Economy | Oil & Gas

Nigeria’s Crude Oil Production Fell by 7% m/m in March 2024

Apr 15, 2024   •   by CSL Research   •   Source: CSL   •   eye-icon 633 views

Based on the latest report from the Nigerian Upstream Petroleum Regulatory Commission (NUPRC), Nigeria’s average crude oil production dropped by 7% to 1.23 million bpd (ex-condensates) in March 2024 from 1.32mbpd in February, marking the second consecutive month on month decline, after reaching a 2-year high of 1.43mbpd in January 2024. The decrease in March was primarily due to production drops in four major terminals. Compared to February, production at Bonny, Bonga, and Forcados terminals declined by 33%, 21% and 14% respectively. Following the release of the March crude oil data, Sen. Heineken Lokpobiri, the honourable minister for state petroleum resources, released a circular stating that the shortfall in the country’s oil production volume was mainly due to issues on the Trans Niger Pipeline and maintenance activities by some oil companies, which have been resolved.


Oil output from Nigeria has been low in recent years, and the country recorded its lowest oil production volume of 0.94mbpd in September 2022. The country’s low production has been attributed to massive crude oil theft in Nigeria’s oil-rich Niger Delta, ageing oil fields, poor crude oil terminal maintenance, shutdowns, and reduced investments in the upstream oil and gas sector. The situation has led to significant revenue losses for the country. The federal government has sustained efforts to reinforce pipeline surveillance and clamp down on oil theft. However, results appear slow and inconsistent.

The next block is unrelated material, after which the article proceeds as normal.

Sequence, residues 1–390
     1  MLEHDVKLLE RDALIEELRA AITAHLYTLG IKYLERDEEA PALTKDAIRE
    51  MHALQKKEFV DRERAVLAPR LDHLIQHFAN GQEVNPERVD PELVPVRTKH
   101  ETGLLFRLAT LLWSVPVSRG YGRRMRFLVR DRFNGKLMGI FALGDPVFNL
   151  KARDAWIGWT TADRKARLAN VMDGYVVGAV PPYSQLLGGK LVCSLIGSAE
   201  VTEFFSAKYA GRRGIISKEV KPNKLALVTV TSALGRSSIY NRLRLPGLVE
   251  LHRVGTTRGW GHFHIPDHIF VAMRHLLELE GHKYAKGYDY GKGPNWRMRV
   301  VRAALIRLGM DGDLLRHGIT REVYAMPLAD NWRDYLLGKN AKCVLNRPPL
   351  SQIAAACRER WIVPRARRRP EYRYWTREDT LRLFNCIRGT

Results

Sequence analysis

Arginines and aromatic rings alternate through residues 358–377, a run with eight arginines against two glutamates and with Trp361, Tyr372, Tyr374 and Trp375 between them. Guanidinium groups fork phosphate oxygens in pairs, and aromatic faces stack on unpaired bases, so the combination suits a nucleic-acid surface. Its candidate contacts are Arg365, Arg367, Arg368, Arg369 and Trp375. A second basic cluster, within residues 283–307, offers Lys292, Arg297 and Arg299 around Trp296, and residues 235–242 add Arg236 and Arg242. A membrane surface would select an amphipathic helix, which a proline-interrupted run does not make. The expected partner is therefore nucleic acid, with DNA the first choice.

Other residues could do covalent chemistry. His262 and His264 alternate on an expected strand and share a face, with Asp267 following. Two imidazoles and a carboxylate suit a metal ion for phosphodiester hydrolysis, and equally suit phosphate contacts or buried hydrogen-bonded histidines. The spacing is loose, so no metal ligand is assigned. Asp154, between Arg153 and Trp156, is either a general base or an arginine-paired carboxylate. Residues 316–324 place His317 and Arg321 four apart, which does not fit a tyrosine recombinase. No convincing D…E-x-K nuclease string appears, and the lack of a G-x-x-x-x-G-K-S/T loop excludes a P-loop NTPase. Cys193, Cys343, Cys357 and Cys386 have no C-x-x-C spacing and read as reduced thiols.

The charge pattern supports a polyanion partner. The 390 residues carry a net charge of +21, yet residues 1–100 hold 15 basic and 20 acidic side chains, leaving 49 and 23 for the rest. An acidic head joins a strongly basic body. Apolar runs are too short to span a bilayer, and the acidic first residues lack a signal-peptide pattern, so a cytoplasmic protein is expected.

Nigeria has recently struggled with significant FX shortages, causing the Naira to fall to a record low of N1,915 against the dollar. That said, there has been a substantial improvement in FX liquidity in recent weeks, causing an appreciation in the value of the Naira to N1,142.38/US$ as of Friday at the I&E window. The improvement in FX Liquidity seen so far has been primarily attributed to foreign portfolio investments in government bonds, which come with high repayment costs. Crude oil receipts form a primary source of FX for the country. A significant increase in production will increase FX supply and alleviate liquidity issues more sustainably in the FX market. In our view, the sustainability of current FX rates in the coming months hinges partly on increased crude oil production volumes and tackling every bottleneck that affects low production should be of paramount concern to all stakeholders.



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